Tattooing Scar Tissue

Prison teacher Anna Plemons warns educators against a “progress narrative” of teaching and learning, proposing instead that teaching be more like “tattooing scar tissue”: teaching writing especially involves “taking it slow, making design choices that work with the material reality of the landscape, and understanding that some tattoos are meant to hide older skin stories.”1

Plemons uses the human body as a site to talk about writing, where layers of the past bleed through to texture versions of the present; her approach highlights the complicated ways people “make sense of many nuanced, complicated, relational contexts… acknowledge the furrows, folds, and taut patches which co-author meaning.”2 As with the palimpsest, the action and image of “tattooing scar tissue” suggests a teaching process guided by scrutiny and deliberation–some measure of control punctured by elements of inquiry and volatility.

Teaching and learning through enactments similarly involves participants in working with and across our mind and bodyscapes; layering over events, places, people; acknowledging gaps, leakage, hidden stories; inquiring into this messy relationality: tracings and hauntings of the past, silent elisions and splittings of the present, new possibilities.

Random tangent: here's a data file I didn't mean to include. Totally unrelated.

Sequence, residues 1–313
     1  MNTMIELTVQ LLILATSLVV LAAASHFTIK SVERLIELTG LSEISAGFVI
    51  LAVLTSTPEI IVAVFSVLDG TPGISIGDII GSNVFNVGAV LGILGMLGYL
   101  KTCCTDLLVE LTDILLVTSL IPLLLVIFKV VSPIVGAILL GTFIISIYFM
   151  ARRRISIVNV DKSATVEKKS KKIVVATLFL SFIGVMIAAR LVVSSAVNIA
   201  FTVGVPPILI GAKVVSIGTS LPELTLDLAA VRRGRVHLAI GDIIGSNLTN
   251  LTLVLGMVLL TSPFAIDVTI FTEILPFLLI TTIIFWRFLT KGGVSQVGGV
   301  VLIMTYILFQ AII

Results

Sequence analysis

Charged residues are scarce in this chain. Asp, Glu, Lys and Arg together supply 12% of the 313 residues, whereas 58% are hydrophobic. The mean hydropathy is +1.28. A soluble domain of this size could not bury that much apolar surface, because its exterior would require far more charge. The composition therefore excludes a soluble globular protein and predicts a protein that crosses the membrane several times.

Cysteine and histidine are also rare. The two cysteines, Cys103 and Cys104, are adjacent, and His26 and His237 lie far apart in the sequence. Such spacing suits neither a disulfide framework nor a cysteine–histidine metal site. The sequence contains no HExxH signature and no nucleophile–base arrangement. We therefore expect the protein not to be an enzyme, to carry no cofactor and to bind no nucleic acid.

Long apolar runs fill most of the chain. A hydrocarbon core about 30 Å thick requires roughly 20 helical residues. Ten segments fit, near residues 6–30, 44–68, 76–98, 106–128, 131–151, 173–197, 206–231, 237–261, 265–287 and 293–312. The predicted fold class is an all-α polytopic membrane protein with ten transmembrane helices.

My colleague’s question about ir/responsible pedagogy shifts, for me, into a query about whether and how pedagogy recognizes and impacts relationships: with living people, also ghosts, places, things. Reorienting this question redirects my attention to powerful bonds within the enacting group, to the relationship between current students and institutional leakage, to hovering, unspoken questions that both preserve and eclipse the distance between international and domestic students, to our connections with airport security, flags, unknown correspondents.

These questions provoke new ones: How might the concerns–of the (white) student about who perceives themselves as part of U.S. racism, of the (Asian) student who reveals her distance from this, and of the (Black) student who exposes her fear in this enactment–bleed into one another, perhaps opening up new ties? In conversation with a friend, I realize too how many of these enactment stories involve Asian students, who are outside the dominant U.S. black-white paradigm; perhaps this also represents a leakage, one that I need to work more deliberately with.

As groups design their performances, enactments allow glimpses of what’s beneath, what gives rise. Teaching toward this vulnerability requires working for students to feel seen and heard, not “safe,” perhaps, but accompanied in shared unpredictability – by me and by each other.

To acknowledge: my questions about how to stay with this work in times of unease and division; my authority that may propel and also inhibit what students choose to risk. And to desire: from tenderness, and from our learning, new connections.

 

  1. Anna Plemons, “Tattooing Scar Tissue: Making Meaning in the Prison Classroom,” Talk at Washington State University, March 27, 2015, accessed June 1, 2016.
  2. Plemons, “Tattooing.”